Globally, 334 million people and 14 percent of the world’s children experience asthmatic symptoms.

Some infectious diseases can be transmitted by dust. Meningococcal meningitis, a bacterial infection of the thin tissue layer that surrounds the brain and spinal cord, can result in brain damage and, if untreated, death in 50 percent of cases.

Outbreaks occur worldwide, yet the highest incidence is found in the “meningitis belt”, a part of sub-Saharan Africa with an estimated population of 300 million. These outbreaks have a strong seasonal pattern – many studies have linked environmental conditions, such as low humidity and dusty conditions, to the time and place of infections.

Researchers believe that the inhalation of dust particles in hot dry weather may damage nose and throat mucosa creating favorable conditions for bacterial infection. Moreover, iron oxides embedded in dust particles may enhance the risk of infection.

Dust also plays a role in the transmission of valley fever – a potentially deadly disease – in the Southwest of the United States and in Northern Mexico by acting as a transporter of Coccidioides fungi spores.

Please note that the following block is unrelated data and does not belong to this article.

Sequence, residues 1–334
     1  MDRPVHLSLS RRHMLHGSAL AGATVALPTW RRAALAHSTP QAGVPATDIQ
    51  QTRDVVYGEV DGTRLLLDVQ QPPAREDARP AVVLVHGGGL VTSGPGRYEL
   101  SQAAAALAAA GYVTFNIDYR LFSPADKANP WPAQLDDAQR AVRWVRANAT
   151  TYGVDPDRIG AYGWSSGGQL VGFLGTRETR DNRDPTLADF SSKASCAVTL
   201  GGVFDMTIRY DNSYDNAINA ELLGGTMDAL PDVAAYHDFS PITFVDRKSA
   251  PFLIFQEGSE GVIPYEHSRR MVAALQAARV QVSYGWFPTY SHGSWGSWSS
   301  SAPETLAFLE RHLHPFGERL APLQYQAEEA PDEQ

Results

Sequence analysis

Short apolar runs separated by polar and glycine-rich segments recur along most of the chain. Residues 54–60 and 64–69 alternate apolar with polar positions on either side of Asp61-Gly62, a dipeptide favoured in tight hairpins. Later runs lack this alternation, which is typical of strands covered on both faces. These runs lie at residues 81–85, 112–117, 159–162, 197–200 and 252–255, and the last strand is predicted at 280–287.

Internal SDSs hotspots

Masoud Tajrishi, deputy head of the Department of Environment (DOE) for the human environment stated in June that a total budget of €450 million has been earmarked to contain sand and dust storms (SDSs) nationwide over the past three years.

Accordingly, in 2017, a special working group called "national headquarters for SDSs control" was formed, which has been able to manage this issue to a very good extent, he further highlighted.

Tajrishi went on to state that the headquarters first identified internal and external dust hotspots, based on which it was determined that about 35 million hectares are generating dust in the country, two million hectares of which are in critical condition.

Studies have shown that 40 percent of the critical dust sources are dried wetlands. To manage this section, we are going to have a meeting with the Ministry of Energy, he added.

About 350 million hectares of surrounding countries affect Iran, which is mainly raised from Iraq, Syria, Saudi Arabia, Afghanistan, the United Arab Emirates, Oman, and Turkmenistan, he noted, adding, so that the Ministry of Foreign affairs started negotiations with the international community to tackle the problem.

During this period, about 110,000 hectares undergone seedling plantation, more than 750,000 hectares of protection, trapping and grazing operations in pastures with dust-raising potential, soil stabilization in 150,000 hectares, including mulching, construction of live and non-living windbreaks, equipping 100 stations for forecasting and warning, about 360 thousand cubic meters of dredging operations, improving routes for water to reach wetlands and about 100 kilometers of water transmission channels to humidify areas with dust potential in 27 dusty provinces were among the actions have been taken, he explained.